10 Ways to be a Chronic Pain Ally

This has been adapted from Kera’s post, originally published here.

For people with chronic pain and conditions like Fibromyalgia, many of life’s daily routines can be a total hassle at best, and excruciatingly painful at worst. These are often known as “invisible illnesses” because sufferers bear no outward signs of illness, and may look totally healthy.

As frustrating as it can be for the sufferer, I think it’s also important to accept that those close to them (such as family; romantic partners and friends) are entitled to feel frustrated too. It can be hard to deal with someone whose health is constantly unpredictable, and it can be very hard work if they are constantly having to “carry” a person emotionally, in terms of workload, or even literally physically.

So here are a few pointers you can use to be a better “ally” to those living with chronic conditions in your life, or if you are suffering from the conditions yourself, something you can share with your loved ones to help them understand what you’re going through.

1. Understand it is not “just in our head”

Just because you can’t see it or the source, doesn’t mean the pain isn’t real. People with chronic pain conditions like fibromyalgia experience pain constantly,  for no reason at all, or for reasons that wouldn’t cause pain to most people, like touch or pressure  (this is. called allodynia). We often hear statements like “it’s all in your head” which are not only not useful, but often very distressing on top of pain and other symptoms. We get that you can’t understand our pain, we know you can’t feel it. But please don’t dismiss it.

2. Understand that we have good days, and we have bad days

Sometimes certain activities trigger our symptoms, other times they can come seemingly out of the blue. Sometimes we are capable of  doing physical activity or other “normal” activities, often this comes with a big crash later on, and other times this  level of activity just isn’t possible. Please don’t judge. It can understandably be confusing from the outside looking in, and sometimes we are accused of using pain as a convenient excuse. Chances are, we would actually like to feel normal and do normal people things, whether it’s going to a party or doing household chores. Please bear in mind that you are unlikely to witness the crashes that come as a consequence of certain activities, and don’t make assumptions.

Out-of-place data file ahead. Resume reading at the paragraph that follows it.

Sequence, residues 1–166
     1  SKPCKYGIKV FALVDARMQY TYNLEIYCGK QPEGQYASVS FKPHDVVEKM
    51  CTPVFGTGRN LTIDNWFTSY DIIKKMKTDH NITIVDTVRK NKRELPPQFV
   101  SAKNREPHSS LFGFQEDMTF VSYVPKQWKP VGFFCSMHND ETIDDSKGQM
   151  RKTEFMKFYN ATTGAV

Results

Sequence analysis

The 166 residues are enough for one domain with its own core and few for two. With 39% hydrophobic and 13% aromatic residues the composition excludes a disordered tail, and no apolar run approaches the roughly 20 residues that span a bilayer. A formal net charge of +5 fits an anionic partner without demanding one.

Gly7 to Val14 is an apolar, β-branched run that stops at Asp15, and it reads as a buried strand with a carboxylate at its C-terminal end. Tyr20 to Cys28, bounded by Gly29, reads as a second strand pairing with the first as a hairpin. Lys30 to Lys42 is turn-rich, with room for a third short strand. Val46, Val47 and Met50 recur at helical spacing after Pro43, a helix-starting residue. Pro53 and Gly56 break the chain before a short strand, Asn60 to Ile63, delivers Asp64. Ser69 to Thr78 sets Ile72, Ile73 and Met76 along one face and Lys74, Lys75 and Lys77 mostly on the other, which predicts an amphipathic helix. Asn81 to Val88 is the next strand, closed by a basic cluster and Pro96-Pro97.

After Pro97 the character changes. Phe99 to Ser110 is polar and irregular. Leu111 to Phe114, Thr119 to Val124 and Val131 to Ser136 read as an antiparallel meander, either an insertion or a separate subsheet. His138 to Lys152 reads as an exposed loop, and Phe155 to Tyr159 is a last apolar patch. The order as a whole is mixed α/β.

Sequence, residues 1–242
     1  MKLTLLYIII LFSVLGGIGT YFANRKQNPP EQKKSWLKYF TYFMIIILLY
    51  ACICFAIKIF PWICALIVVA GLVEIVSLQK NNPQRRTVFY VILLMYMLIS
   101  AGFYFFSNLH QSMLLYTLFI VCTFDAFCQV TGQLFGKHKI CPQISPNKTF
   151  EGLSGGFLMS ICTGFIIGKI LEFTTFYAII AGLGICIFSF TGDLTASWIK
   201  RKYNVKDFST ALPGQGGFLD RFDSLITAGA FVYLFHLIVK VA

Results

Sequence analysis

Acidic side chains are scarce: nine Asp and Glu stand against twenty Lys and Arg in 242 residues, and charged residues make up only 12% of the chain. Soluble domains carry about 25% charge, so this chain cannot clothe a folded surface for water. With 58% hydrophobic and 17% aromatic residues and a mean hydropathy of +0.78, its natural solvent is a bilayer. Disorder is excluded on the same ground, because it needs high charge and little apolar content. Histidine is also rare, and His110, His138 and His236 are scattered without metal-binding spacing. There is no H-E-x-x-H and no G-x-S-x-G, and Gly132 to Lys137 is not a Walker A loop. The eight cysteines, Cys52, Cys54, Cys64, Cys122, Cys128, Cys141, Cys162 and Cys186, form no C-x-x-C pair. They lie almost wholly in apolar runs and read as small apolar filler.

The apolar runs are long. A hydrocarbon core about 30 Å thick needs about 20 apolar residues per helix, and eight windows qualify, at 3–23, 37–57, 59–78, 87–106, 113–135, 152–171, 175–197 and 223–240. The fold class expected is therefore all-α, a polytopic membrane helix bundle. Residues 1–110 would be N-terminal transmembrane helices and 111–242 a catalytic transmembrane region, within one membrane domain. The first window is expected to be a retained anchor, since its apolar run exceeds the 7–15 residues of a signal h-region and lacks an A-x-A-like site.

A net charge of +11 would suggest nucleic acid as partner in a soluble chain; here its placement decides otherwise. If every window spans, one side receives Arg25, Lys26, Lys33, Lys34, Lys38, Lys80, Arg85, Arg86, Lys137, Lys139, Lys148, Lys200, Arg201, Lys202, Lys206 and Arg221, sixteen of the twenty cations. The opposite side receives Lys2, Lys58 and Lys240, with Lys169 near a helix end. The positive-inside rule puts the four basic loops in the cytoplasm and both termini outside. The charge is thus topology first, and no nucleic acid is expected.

For sufferers: Try to understand that to most people this does look like a complete contradiction, and be understanding rather than defensive when this gets brought to your attention. Also try to be reasonable to others’ requests by making sure you do make a dent on the work you need to do when you do have the energy, rather than using the good days to just live it up (though you should definitely do some of this too!).

3. Ask how you can help, but respect our wishes

Many people experience chronic pain for years before being diagnosed and offered treatment. We find ways to get around it, manage it, or we just grin and bear it. Chances are we have tried everything, and while your input can sometimes be helpful when it comes from the right place, please don’t force it upon us. While we appreciate the thought, it is exhausting having our every behaviour commented on or analysed.

For “allies”: Ask “Can I help you with….?” before barging in (unless it’s obviously dangerous or they are audibly in pain!). If you have heard of potential solutions, ask if they would like to hear about it before giving them the sales pitch, and be prepared to accept “no” for an answer. If they don’t want to do it, they don’t need to justify it. Please don’t judge them for it.

4. …But at the same time, please let us have some independence

While we do want to be asked if we need help, there’s a fine balance between being helpful and just reminding us that we’re somehow disabled. While we will often jump at the offer of help, we also want the chance to do what tasks we *are* capable of. For example,  sometimes I prefer to carry my own bag, even if others have offered to help, and even though it may be a bit of a struggle. It might seem bloody minded, but it makes me feel that bit more in control and that also has a huge impact on my condition because…

5. Mind and body are very closely linked

Feeling in control helps me feel better, and I’ve noticed huge correlations between my pain and my mental attitude, and I know a lot of people are the same. Many of these conditions have a huge mental aspect (no that doesn’t mean we are crazy!) so a lot of situations have the capacity to dramatically affect our health both positively and negatively. Anxiety is a huge issue for many people, and particularly when chronic pain issues come into play it can wreak havoc on all sorts of bodily functions and pain.